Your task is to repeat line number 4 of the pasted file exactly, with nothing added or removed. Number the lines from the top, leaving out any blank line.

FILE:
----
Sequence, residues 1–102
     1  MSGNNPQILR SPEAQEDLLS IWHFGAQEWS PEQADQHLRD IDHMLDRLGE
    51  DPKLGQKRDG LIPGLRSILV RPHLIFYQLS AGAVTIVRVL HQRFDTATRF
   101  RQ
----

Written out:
   101  RQ